The summer holidays are imminent and while the kids maybe looking forward to it, for the adults the pressure is on. Obviously everyone loves spending time with their children – and there’s plenty of quality time to enjoy during the summer – but it can be a challenge to work out how to entertain everyone. That’s especially so if you’re on a serious budget. In fact, a recent study found that for low income families the summer holidays often entail poor childcare support, limited access to activities and food worries. Some children may end up feeling isolated if parents are out at work and many kids in low income families end up frustrated and bored. But is it possible to entertain kids over the summer on a limited budget?
Hit the park
Sometimes the simplest ideas are the best and the park offers all sorts of benefits on a summer’s day – for no spend at all. From socialising with other kids to joining in games of football and ensuring everyone is thoroughly exhausted by the time they get home, the park has plenty of advantages. If you’re not keen on your local park then jump on a bus or walk a little further to find one that offers something new.
Free art galleries and museums
The summer holidays are the perfect time for a little cultural enrichment and exposing growing minds to ideas and art that they might not yet have seen. Museums and galleries all over the UK offer free entry during the summer holiday so your only cost will be lunch and transport. In London, for example, you’ll be able to visit the Tate Britain, Tate Modern, Science Museum, the Museum of London and the British Library, to name just a few.
Put your kids to work
There’s no reason why the summer holidays should be all about lie ins and lazy days. It’s also a great time for kids to learn a little work ethic – and earn some summer spending money. Depending on where you live (and how old your children are) there could be many opportunities for earning a little extra cash, from a paper round, to fruit picking, working in a shop or walking the neighbour’s dogs.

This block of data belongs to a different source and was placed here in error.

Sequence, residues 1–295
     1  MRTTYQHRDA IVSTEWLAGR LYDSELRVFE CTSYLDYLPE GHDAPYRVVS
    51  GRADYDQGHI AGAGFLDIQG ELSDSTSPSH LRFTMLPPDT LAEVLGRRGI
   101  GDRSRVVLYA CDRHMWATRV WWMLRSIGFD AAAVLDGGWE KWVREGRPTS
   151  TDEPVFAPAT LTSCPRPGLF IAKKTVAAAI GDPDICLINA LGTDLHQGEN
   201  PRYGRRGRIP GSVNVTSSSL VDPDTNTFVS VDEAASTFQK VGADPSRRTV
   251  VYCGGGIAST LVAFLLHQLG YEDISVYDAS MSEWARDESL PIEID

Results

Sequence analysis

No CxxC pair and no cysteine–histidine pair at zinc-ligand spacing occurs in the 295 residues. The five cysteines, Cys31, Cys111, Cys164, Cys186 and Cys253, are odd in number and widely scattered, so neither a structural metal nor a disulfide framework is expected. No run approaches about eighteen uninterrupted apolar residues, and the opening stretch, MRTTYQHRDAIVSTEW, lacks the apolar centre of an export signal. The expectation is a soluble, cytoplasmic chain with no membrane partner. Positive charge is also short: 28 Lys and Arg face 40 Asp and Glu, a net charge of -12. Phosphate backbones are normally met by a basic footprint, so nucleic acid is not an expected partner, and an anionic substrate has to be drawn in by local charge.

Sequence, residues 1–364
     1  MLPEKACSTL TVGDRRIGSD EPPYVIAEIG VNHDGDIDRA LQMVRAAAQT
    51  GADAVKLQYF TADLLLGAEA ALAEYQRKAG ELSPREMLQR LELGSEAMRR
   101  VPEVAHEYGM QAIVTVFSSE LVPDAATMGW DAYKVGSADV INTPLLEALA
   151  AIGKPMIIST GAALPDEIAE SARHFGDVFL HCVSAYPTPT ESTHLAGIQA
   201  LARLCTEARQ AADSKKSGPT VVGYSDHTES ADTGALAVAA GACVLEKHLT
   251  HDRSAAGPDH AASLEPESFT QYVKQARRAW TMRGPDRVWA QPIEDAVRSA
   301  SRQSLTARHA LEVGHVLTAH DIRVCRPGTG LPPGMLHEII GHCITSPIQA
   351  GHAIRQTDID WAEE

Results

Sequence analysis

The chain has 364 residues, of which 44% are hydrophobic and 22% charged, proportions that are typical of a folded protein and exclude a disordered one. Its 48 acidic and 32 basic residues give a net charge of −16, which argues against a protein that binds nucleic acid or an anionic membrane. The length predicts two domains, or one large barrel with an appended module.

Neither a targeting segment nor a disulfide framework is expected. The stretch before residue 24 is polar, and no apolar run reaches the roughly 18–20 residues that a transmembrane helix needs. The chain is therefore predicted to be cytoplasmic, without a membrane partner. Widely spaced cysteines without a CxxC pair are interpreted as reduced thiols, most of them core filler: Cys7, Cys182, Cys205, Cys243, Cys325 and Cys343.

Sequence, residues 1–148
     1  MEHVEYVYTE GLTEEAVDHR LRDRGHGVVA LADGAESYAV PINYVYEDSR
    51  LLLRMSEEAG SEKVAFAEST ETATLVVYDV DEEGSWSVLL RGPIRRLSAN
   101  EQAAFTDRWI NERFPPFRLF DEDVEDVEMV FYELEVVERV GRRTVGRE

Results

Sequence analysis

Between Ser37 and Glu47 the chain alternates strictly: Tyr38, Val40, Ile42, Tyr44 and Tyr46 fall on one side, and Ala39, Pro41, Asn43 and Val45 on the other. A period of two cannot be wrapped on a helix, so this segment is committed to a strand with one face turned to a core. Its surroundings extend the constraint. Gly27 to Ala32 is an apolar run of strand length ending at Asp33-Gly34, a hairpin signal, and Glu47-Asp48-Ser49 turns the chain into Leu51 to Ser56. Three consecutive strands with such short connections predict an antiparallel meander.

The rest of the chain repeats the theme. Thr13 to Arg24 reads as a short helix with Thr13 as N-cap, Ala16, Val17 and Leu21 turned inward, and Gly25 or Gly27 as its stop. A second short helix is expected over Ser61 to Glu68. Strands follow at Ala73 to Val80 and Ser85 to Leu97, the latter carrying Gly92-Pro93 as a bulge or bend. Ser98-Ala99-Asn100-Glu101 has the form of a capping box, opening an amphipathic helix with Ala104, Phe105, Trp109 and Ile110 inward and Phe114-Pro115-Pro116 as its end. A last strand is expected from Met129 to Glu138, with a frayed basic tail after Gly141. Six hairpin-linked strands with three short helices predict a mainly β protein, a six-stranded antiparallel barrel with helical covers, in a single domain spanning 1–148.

Have a creative day
If you have children who are easily bored then it might be essential to ensure that minds are kept occupied. A creative day means getting all the creative tools – from pens and crayons through to cameras and music making software – and setting your children a creative challenge. That might be to write a story, alone or together with you, to design invitations to a summer BBQ or to create a theme song for the summer. If you don’t have the money to pay for courses and learning days, there is still a lot that you can do with what you have at home.
If Wimbledon fever grips your family this year then get your children out onto the tennis courts hitting a few balls to burn off some extra energy. You’ll find tennis events and days out all over the country and free tennis taster courses in August, as well as open days and competitions. Tennis rackets can easily be purchased second hand or you can rent one for the day instead of buying new.
Team up with another family
Often the best entertainment for children is… other children. Play dates, shared picnics, joint bike rides and movie and pizza days with another family offer cheap solutions to ensuring that children have others to interact with during the summer holidays. Sharing time with another family can also help to solve issues of childcare with parents splitting the responsibility of looking after both sets of children and reducing the amount of time off work required.
Children love to camp. There’s something about tents and setting up a little temporary sleeping spot that generates lots of enthusiasm with kids. Camping is a great, way to enjoy a summer holiday with your children that won’t come with a huge price tag – all you need are the tents and the cost of the pitch fee. If you don’t have the time or money to travel to a campsite then camping out in the garden can be equally fun. And if you don’t have a garden, indoor camping is just as good – set up the tent, roast some smores in the microwave and sit around telling ghost stories in the dark.
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